Ethos and pathos

Posted: Sunday, March 13, 2011

I have been living, growing and working in Douglas since July — a cheechako. My work has me living and growing with the Douglas Community United Methodist Church. This community has, as all communities have, a pathos (deep feeling of how to treat each other) and an ethos (how our behavior reflects the spiritual beings that we have become in our experience of the world). It is the foundation of a faith community.

A faith community is much larger than the group that meets on Sunday to recall and reclaim the foundation of personal spirituality and faith. The faith community is the element of faith that gives individuals the feeling that the essence of community is greater than the essence of the individuals. It is that feeling that begins our understanding of how our pathos is lived out in a community, and how our ethos is developed within a community. My work as a trained theologian, someone who studies the current “God talk,” forms my ethos and pathos in the community with which I live and grow.

I was born, raised, confirmed and ordained in the United Methodist Church. It is my hope that everyone has found a community of faith in which to learn more about the mystery of faith and to practice the most basic human ability of living and growing in community. My work has a cycle of living and growing based on the church year. I live and grow in the church, sharing all the history and collective community of all those who have explored the mystery of faith through the ages and eons. I have yet to experience a full cycle of Alaska’s regenerative process called spring. With spring, in the Christian year, comes Easter, the offering of one person for all those who choose to live and grow in the community of Christ. Each Christian moves in and out of other communities carrying the spirit of the mystery of such a great love for all.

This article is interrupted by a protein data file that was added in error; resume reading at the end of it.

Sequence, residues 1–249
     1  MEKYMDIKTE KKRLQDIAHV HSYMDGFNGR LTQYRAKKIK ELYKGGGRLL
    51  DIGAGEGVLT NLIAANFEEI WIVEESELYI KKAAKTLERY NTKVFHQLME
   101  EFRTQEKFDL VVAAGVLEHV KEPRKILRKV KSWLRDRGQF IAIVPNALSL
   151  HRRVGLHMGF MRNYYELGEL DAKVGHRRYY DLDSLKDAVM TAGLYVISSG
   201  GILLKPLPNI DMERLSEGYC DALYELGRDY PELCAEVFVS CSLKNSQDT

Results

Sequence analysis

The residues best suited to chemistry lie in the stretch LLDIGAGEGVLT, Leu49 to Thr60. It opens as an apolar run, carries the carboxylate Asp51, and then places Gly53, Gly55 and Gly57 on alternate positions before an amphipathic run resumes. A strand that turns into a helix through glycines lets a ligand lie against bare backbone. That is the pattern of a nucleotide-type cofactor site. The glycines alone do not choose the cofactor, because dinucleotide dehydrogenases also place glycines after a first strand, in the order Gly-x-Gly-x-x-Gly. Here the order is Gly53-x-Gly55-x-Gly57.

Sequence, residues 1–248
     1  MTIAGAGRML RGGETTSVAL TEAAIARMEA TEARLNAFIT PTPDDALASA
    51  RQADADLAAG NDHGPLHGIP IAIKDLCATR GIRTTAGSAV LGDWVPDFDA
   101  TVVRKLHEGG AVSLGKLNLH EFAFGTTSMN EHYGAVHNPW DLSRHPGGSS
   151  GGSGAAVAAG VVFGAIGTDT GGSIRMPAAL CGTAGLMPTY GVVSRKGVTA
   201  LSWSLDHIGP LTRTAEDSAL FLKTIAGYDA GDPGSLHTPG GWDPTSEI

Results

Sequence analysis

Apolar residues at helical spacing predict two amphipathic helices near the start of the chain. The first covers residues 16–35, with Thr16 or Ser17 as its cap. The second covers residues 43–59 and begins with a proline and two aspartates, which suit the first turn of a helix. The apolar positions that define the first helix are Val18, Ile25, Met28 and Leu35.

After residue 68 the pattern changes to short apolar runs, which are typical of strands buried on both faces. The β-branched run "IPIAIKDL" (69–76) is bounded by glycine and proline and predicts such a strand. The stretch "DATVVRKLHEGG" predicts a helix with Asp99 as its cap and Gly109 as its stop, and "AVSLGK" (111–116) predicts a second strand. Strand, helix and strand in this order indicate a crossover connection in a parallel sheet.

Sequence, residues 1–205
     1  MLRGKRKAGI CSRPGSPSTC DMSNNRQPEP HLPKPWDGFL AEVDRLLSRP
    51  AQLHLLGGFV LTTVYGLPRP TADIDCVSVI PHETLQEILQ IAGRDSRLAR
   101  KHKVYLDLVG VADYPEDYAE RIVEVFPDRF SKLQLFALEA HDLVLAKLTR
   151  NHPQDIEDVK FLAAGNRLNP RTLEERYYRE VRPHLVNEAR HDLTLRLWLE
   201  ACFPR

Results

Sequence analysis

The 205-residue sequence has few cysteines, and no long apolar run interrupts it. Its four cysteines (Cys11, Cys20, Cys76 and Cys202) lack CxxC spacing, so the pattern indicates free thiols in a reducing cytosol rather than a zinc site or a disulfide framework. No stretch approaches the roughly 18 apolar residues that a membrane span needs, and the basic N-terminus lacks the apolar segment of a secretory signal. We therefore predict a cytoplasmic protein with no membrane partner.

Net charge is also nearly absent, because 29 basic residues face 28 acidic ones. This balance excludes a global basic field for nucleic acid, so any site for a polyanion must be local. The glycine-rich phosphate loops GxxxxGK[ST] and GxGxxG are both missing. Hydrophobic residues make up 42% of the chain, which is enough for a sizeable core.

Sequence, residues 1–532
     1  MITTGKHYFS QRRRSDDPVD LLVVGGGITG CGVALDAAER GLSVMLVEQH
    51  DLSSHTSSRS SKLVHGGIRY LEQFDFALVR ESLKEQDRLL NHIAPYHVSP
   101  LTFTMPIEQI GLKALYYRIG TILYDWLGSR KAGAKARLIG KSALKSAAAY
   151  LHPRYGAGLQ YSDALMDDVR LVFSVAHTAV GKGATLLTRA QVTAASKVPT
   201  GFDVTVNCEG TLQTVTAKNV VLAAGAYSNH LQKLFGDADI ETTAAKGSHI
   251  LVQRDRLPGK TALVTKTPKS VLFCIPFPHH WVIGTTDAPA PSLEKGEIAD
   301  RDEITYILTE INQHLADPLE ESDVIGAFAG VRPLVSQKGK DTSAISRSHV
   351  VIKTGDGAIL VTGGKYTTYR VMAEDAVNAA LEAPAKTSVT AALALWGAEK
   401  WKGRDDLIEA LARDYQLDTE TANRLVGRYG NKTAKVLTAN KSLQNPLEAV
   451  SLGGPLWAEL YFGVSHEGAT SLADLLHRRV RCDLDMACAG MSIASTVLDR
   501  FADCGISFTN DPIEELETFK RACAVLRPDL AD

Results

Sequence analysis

As the daylight returns, as the winter wanes, as Easter season approaches, I pray that you are in community. Be in community with your God, with your church, where you work, with your neighbors, your family and yourself. May the “all that is good” bless you and hold you in the palm of God’s hand.

• Cindy Roberts is pastor at Douglas Community United Methodist Church.



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